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Brain Connect. 2018 Nov 15. doi: 10.1089/brain.2018.0620. [Epub ahead of print]

Quantifying differences between passive and task-evoked intrinsic functional connectivity in a large-scale brain simulation.

Author information

1
National Institute on Deafness and Other Communication Disorders, 35041, Section on Brain Imaging and Modeling, Bethesda, Maryland, United States.
2
Neural Bytes LLC, 466356, Washington, District of Columbia, United States ; antonio.ulloa@alum.bu.edu.
3
National Institute on Deafness and Other Communication Disorders, 35041, Section on Brain Imaging and Modeling, Bethesda, Maryland, United States ; horwitzb@mail.nih.gov.

Abstract

Establishing a connection between intrinsic and task-evoked brain activity is critical because it would provide a way to map task-related brain regions in patients unable to comply with such tasks. A crucial question within this realm is to what extent the execution of a cognitive task affects the intrinsic activity of brain regions not involved in the task. Computational models can be useful to answer this question because they allow us to distinguish task from non-task neural elements while giving us the effects of task execution on non-task regions of interest at the neuroimaging level. The quantification of those effects in a computational model would represent a step towards elucidating the intrinsic versus task-evoked connection. Here we used computational modeling and graph theoretical metrics to quantify changes in intrinsic functional brain connectivity due to task execution. We used our Large-Scale Neural Modeling framework to embed a computational model of visual short-term memory into an empirically derived connectome. We simulated a neuroimaging study consisting of ten subjects performing passive fixation (PF), passive viewing (PV) and delay match-to-sample (DMS) tasks. We used the simulated BOLD fMRI time-series to calculate functional connectivity (FC) matrices and used those matrices to compute several graph theoretical measures. After determining that the simulated graph theoretical measures were largely consistent with experiments, we were able to quantify the differences between the graph metrics of the PF condition and those of the PV and DMS conditions. Thus, we show that we can use graph theoretical methods applied to simulated brain networks to aid in the quantification of changes in intrinsic brain functional connectivity during task execution. Our results represent a step towards establishing a connection between intrinsic and task-related brain activity.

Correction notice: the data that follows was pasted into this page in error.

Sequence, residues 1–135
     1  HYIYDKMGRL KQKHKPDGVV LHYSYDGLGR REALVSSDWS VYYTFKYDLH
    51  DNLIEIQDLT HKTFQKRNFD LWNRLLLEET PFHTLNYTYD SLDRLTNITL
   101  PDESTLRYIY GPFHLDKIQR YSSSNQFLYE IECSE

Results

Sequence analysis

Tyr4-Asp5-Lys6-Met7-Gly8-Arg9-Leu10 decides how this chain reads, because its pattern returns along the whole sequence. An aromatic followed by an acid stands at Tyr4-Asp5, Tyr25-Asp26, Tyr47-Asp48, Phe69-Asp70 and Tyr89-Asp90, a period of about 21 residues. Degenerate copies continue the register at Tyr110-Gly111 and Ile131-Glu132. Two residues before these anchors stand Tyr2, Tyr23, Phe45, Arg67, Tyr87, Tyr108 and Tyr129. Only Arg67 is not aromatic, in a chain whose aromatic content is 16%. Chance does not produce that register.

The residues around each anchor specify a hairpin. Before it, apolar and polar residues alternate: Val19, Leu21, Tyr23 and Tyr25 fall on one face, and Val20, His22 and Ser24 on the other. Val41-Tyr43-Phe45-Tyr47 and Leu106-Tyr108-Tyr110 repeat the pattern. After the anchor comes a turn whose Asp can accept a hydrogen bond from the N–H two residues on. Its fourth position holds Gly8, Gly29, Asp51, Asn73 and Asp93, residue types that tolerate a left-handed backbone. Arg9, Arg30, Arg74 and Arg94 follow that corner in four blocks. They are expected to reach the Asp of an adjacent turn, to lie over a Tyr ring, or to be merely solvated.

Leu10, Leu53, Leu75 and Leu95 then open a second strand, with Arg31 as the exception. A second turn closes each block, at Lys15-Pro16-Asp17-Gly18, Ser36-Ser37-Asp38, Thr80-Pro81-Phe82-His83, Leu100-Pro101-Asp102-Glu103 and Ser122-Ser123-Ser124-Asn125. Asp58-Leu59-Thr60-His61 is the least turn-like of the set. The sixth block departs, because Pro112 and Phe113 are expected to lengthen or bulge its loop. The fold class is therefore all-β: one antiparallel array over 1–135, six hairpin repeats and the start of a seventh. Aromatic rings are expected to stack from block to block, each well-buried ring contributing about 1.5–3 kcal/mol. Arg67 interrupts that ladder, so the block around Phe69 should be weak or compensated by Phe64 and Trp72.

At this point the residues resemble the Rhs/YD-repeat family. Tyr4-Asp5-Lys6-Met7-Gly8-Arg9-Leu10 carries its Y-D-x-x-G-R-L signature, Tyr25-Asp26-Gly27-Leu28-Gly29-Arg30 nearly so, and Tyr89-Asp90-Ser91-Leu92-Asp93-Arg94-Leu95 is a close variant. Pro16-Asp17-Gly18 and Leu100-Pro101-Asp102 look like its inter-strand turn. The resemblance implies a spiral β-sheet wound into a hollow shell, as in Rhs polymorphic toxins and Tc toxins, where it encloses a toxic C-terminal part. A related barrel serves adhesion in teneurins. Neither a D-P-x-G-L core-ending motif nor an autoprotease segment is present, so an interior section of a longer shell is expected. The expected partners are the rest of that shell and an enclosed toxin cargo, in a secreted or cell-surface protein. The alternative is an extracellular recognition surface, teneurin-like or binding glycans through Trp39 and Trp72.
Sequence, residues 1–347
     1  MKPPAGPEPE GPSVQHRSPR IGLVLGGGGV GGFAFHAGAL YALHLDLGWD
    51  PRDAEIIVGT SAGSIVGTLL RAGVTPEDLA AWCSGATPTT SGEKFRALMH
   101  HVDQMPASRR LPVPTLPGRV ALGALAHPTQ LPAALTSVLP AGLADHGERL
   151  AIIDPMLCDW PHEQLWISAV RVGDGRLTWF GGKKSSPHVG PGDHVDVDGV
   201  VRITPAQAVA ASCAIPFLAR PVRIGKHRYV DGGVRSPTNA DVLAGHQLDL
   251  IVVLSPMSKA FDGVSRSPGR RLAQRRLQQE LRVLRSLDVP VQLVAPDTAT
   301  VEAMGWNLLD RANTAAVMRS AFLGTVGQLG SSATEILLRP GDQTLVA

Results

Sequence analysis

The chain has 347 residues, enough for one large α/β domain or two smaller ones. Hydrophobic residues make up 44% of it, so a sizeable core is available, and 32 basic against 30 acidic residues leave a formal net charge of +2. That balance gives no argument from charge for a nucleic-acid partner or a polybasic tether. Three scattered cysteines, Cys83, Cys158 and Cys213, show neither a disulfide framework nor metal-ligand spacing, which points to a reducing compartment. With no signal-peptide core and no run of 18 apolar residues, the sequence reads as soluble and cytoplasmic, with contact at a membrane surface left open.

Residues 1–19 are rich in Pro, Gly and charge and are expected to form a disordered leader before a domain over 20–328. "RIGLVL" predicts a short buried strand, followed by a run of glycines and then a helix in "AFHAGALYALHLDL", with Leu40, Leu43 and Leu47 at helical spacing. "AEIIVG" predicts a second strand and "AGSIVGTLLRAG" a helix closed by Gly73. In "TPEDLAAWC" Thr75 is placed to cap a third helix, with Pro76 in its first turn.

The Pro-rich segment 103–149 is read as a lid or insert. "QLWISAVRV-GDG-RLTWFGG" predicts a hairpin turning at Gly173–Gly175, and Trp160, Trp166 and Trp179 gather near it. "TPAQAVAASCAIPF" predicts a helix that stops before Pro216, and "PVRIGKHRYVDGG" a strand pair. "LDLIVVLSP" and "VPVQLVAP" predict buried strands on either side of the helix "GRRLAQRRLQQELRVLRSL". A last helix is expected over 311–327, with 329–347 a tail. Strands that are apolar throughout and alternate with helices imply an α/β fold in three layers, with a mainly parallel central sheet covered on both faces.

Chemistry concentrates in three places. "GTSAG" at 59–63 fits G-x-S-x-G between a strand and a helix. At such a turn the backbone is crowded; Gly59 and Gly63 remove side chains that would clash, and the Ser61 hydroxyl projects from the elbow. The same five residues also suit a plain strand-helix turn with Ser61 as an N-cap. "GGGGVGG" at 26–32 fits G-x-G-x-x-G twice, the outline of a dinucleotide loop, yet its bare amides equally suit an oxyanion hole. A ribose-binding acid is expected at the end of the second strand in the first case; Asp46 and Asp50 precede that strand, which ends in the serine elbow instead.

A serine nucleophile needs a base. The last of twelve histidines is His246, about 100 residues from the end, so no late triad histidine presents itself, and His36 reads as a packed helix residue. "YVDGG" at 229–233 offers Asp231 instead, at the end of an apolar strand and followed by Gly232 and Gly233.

KEYWORDS:

Blood oxygen level dependent (BOLD) signal; Connectome; Graph theory; Modeling; Visual system

PMID:
30430844
DOI:
10.1089/brain.2018.0620

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